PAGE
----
I have basic serial communication working! It turned out to be reasonably straightforward.
On the hardware side, it was a pretty simple wire-up of the SIO, with the only even vaguely non-trivial part being the cross-over between the SIO pins and the TTL-level RS232 USB module thing (yes, I'm not even bothering with a MAX232 level converter and real RS232 connector - nowadays USB is going to be more convenient). I swapped TX and RX, and CTS and DTR. Apparently the super-cheapy FTDI USB serial breakout boards prefer to break out DTR over RTS because of some Arduino reason I wasn't paying attention to. One nice thing about using USB is that you get 5V power. And given the low power consumption of CMOS, I can happily run my little computer off the USB-supplied power.
On the software side, it was a simple case of initialising the SIO's registers, and writing routines to read and write characters, polling to make sure the appropriate buffers are non-empty and empty respectively. Initialisation was made more fun by the data sheet being vague about the 'write registers' for control. Register 0 is used to set which register number will be read/written for the very next read/write, but this is explained somewhat implicitly. Code example? Don't be silly. Anyway, once that was in place I could write a very simple piece of code to do comms. No flow control, no interrupts.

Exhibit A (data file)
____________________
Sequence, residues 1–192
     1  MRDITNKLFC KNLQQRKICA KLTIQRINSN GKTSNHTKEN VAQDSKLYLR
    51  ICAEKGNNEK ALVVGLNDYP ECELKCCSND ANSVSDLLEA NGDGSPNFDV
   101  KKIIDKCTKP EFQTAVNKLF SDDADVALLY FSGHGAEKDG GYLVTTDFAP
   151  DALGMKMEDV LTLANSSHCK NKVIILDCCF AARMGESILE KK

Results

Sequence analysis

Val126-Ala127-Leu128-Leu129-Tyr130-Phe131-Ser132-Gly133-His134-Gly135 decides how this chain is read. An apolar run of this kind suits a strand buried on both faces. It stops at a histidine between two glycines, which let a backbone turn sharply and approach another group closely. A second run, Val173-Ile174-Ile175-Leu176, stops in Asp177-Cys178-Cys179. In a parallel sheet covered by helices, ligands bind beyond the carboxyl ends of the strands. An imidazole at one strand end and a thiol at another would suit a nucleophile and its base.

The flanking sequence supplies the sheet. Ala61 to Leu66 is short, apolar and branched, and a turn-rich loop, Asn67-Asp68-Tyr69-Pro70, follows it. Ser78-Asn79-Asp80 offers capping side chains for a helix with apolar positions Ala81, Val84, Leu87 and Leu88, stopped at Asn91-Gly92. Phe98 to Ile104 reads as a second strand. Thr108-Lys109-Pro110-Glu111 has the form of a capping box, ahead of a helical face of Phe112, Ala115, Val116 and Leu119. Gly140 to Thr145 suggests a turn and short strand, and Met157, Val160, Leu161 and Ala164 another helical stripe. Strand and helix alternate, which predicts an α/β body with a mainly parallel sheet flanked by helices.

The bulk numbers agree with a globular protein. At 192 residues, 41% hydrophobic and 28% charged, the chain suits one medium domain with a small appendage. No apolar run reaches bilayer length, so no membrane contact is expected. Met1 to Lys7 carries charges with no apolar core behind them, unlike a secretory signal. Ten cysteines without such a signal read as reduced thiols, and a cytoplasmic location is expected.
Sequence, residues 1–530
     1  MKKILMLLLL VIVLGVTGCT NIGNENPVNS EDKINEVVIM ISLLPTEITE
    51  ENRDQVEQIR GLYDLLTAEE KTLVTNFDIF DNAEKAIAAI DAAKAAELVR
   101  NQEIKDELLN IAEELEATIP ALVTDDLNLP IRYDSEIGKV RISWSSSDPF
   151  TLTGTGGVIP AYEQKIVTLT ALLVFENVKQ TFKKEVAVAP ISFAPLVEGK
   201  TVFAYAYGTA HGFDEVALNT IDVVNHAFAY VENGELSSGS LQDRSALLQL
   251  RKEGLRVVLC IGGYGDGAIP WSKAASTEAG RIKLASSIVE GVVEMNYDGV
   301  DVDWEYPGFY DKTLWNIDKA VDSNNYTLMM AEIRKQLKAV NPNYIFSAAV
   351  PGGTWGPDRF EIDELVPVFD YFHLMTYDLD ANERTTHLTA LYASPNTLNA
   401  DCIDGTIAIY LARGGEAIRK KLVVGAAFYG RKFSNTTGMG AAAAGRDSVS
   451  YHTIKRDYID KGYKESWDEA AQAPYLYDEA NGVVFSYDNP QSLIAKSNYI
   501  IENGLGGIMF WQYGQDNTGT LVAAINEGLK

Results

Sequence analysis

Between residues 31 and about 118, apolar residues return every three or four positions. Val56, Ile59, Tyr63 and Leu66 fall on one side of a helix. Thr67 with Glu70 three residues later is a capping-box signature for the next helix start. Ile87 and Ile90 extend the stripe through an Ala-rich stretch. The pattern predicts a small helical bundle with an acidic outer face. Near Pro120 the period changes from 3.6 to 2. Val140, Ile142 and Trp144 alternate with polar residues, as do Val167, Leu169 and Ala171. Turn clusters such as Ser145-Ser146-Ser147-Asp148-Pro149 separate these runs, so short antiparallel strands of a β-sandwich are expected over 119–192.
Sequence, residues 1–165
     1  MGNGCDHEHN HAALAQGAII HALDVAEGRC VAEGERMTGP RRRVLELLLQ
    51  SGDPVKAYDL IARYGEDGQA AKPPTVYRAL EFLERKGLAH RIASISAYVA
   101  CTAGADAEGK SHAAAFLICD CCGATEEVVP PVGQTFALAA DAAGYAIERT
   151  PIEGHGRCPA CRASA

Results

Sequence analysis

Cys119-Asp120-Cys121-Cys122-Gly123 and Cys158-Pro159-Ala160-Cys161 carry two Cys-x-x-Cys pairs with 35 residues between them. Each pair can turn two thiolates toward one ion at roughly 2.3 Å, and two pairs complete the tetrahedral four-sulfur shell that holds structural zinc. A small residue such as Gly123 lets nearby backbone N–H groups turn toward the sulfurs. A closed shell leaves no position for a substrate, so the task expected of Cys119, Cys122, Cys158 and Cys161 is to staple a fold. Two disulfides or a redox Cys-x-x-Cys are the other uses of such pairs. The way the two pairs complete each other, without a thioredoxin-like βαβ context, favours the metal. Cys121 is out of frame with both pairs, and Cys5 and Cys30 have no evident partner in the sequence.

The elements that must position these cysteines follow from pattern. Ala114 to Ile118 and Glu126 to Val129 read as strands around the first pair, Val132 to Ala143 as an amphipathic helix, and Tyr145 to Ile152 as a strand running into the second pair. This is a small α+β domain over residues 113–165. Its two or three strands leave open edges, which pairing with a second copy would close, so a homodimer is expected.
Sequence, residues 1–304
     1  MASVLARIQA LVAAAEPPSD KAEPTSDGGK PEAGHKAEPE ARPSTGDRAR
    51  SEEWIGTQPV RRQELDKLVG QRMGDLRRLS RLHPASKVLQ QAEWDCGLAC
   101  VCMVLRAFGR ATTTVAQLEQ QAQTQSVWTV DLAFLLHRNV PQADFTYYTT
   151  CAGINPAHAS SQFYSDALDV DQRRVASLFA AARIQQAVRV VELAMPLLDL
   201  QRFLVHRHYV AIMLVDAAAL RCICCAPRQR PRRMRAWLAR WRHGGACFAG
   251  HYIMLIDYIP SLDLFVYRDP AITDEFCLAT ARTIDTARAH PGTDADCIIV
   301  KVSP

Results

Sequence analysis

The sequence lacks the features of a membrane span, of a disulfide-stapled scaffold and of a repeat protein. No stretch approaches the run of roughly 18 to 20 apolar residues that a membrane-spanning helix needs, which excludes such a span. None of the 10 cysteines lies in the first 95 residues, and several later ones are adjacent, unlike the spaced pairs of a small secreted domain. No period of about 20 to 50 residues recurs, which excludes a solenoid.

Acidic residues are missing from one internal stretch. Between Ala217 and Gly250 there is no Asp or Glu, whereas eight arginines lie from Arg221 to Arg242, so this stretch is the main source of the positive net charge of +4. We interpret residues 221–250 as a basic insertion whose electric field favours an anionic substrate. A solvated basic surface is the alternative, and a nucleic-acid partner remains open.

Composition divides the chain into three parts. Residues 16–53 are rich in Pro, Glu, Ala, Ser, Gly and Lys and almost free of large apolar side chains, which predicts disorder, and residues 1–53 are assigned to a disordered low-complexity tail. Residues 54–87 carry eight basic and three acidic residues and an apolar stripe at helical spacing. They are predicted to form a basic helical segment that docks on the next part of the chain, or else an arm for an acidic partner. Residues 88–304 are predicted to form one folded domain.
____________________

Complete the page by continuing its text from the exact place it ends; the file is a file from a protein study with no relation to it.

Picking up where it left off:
So, the next features to test will be getting the flow control working, and making it work on an interrupt-driven basis. However... the next piece of code I plan to write is a hex loader. I've reached the point where, in theory, I should be able to load code onto it through the serial port, and then execute it. This should help shorten the development cycle, so it's what I'll do next. Then I can use that to develop the rest of the I/O stuff. Hopefully at that point I'll be able to port BASIC to it. Just like a real little computer.